Ingredient List: Saltwater
We are often asked what distinguishes Bulls Bay Sea Salt from other sea salts. To find the answer to what makes Bulls Bay Sea Salt so pure, we must go directly to the source of our main (and only) ingredient, seawater.
Standing on land as the tide comes in you can hear the shore come alive. This area is one of 20 Western Hemisphere Shorebird Reserve Network Sites of International Importance and the largest part of the Carolinian South Atlantic Biosphere Reserve.
Crabs scurry about and the spartina grass shines under thin veils of salt. Just several miles away the barrier islands are home to the largest nesting population of Loggerhead Sea Turtles North of Florida (Over 1750 nests this year!)
The State of South Carolina has designated the area as an Outstanding Resource Waters. Our water collection point is surrounded by the Francis Marion National Forest, a 400 square mile buffer for Cape Romain National Wildlife Refuge.
We are proud to say that Bulls Bay Sea Salt comes from quite possibly the most pristine water source on the east coast of the United States.
The salt water covers millions of bivalves filtering the water and acting as indicator species for the health of the ecosystems. Think clams and oysters! Each oyster can filter between 20-50 gallons of water per day. This video shows them in action: https://www.youtube.com/watch?v=saAy7GfLq4w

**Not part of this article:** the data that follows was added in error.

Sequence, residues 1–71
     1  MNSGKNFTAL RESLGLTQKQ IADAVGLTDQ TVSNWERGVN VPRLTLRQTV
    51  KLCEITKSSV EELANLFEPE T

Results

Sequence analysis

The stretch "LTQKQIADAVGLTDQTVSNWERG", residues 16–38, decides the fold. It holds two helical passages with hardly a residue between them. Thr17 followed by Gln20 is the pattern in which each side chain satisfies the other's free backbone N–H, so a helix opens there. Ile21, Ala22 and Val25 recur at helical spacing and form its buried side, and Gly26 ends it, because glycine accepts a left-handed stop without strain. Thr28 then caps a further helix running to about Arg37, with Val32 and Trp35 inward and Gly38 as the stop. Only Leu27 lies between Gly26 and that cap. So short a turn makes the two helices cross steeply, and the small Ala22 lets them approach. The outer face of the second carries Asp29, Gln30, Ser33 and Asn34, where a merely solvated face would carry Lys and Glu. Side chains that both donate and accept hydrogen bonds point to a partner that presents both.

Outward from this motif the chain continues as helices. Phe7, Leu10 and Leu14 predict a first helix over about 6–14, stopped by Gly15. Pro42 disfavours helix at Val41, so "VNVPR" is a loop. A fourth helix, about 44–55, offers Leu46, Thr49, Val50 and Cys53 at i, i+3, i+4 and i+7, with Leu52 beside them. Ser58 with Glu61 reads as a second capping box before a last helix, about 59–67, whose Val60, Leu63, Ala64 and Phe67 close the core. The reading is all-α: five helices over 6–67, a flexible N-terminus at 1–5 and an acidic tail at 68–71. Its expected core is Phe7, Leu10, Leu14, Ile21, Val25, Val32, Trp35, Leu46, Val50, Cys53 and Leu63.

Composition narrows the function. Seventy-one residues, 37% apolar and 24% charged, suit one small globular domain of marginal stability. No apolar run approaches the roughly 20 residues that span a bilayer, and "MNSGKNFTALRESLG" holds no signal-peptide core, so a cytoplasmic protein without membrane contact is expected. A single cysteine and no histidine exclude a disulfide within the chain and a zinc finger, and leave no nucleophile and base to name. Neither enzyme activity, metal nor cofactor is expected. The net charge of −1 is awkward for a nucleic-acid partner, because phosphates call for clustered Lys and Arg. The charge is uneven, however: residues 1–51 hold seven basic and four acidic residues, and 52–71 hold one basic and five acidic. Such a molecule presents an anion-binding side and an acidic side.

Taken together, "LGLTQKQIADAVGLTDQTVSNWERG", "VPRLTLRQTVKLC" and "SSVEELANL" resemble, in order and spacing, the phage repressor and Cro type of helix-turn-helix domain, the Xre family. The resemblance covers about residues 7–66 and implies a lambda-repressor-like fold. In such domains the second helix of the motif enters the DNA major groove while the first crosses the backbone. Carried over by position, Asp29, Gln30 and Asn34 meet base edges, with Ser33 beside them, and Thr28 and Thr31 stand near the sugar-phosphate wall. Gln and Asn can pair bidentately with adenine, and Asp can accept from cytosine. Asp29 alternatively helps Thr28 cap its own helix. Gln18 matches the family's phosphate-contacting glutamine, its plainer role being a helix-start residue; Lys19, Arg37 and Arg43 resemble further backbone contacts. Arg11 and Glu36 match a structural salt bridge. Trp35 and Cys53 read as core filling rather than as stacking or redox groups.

Producing in small batches allow us to closely monitor and harvest at ideal times and to utilize basic chemistry to separate the different salts that form and collect only the best flavor to be bottled.
We try to remove all of the calcium sulphate salt, (AKA gypsum) that forms first. The oysters and clams do us a favor by removing some of those calcium ions from the water when they grow their shells! As the water solar evaporates, it is relatively easy to skim this salt off the top of the water as it forms.
Gypsum can have a chalky taste and removing it purifies the taste of the final product. The next salt that comes out of solution (grows crystals) is what most people think of as edible salt, NaCl. Once most of the water has evaporated we pour off the remaining liquid and harvest the salt. That liquid, also called the bitters, is pretty fun to experiment with. There are all sorts of neat salts that form from it and we have fun trying to grow unique crystals. The liquid, and also gypsum can also be used to make tofu.
If you needed a quick answer to what makes Bulls Bay Sea Salt the best, I'd say it's all in the ingredients.
Stay tuned, maybe we’ll make tofu for the next blog post.